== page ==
The same note of triumphant apology for his choice of the wilderness instead of the city is found in the following unique letter about the Sequoias. They were deepest in his affections, and under his playful prose-poetry it is not difficult to discover the Muir who in a few years was to arouse the whole nation to the importance of preserving for future generations these greatest and most ancient of all living things. His love for them had in it something personal, and there are those who have overheard him talking to them as to human beings. The original of this letter, written with Sequoia sap, still shines purple after more than half a century. Although it lacks a definite date, internal evidence clearly refers it to his earliest years in Yosemite, perhaps 1870.January 8th, 1872Dear Friend:
We are gloriously snowbound. One storm has filled half of last month, and it is snowing again. Would that you could behold its beauty! I half expected another glacial period, but I will not say anything about ice until you become wiser, though I send you a cascade jubilee which you will relish more than anybody else. I have tried to put it in form for publication, and if you can rasp off the rougher angles and wedge in a few slippery words between bad splices, perhaps it may be sufficiently civilized for Overland or Atlantic But I always felt a chill come over my fingers when a calm place in the storm allowed me to think of it. Also I have been sorry for one of our bears, and I think you will sympathize with me. At least I confide my dead friend to your keeping, and you may print what you like. Heavens! if you only had been here in the flood![John Muir]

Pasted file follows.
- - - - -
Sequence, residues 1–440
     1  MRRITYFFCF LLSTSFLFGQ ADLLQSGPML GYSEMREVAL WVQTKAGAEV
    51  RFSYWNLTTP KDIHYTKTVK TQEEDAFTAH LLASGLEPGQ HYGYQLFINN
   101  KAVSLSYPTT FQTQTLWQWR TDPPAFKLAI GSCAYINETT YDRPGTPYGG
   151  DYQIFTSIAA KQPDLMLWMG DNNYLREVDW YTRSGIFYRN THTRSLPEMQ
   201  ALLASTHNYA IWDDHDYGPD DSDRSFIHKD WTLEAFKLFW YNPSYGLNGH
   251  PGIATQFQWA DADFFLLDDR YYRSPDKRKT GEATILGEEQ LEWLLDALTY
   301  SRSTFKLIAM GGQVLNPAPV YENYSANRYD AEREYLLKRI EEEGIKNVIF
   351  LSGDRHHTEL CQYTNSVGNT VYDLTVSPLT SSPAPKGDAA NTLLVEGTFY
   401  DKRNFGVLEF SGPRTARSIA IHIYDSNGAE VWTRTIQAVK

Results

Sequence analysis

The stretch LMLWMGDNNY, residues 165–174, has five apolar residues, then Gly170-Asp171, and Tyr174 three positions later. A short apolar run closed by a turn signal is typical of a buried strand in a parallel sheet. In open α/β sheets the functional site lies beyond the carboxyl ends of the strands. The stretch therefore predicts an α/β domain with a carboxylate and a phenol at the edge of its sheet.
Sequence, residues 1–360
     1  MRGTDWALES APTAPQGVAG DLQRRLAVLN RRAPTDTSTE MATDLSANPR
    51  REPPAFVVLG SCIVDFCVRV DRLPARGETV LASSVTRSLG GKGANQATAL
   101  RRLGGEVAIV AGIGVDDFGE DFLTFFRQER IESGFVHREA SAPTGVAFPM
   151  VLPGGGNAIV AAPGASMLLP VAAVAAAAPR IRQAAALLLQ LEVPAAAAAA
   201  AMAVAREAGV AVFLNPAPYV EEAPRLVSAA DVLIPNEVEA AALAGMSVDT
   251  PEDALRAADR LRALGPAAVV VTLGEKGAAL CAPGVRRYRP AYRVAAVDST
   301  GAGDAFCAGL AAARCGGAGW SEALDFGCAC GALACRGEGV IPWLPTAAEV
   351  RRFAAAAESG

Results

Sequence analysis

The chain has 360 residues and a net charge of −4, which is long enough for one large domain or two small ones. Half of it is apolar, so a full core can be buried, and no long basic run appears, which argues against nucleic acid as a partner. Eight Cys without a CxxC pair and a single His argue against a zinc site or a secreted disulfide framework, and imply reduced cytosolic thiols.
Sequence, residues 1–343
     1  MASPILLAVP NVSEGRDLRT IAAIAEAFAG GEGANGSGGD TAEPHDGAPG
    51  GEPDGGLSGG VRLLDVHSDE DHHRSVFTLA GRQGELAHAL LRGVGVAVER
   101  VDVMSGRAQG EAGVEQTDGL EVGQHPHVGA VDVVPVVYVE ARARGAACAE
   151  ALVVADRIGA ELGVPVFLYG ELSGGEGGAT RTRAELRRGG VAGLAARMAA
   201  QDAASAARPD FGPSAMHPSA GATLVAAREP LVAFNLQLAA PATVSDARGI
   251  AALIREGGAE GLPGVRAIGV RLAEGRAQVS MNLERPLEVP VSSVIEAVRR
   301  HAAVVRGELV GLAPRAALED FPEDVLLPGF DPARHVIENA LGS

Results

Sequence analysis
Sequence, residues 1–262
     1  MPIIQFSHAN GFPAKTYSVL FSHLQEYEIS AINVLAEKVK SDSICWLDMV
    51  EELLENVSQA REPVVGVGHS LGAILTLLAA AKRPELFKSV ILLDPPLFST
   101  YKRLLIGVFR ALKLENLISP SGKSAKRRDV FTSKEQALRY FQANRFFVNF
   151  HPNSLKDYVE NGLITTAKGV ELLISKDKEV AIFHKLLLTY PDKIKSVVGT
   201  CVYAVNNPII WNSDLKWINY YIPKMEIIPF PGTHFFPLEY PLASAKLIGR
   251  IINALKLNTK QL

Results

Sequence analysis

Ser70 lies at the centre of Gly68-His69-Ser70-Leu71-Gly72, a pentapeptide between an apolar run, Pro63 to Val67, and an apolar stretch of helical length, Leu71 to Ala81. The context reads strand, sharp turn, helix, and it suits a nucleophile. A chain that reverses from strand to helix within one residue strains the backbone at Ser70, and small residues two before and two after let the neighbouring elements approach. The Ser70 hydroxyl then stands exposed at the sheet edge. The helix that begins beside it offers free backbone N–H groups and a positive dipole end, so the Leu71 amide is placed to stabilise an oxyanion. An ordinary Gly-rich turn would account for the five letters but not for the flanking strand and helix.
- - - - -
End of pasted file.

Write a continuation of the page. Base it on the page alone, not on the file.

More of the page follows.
To Mrs. Ezra S. CarrSquirrelville, Sequoia Co. Nut Time
Dear Mrs. Carr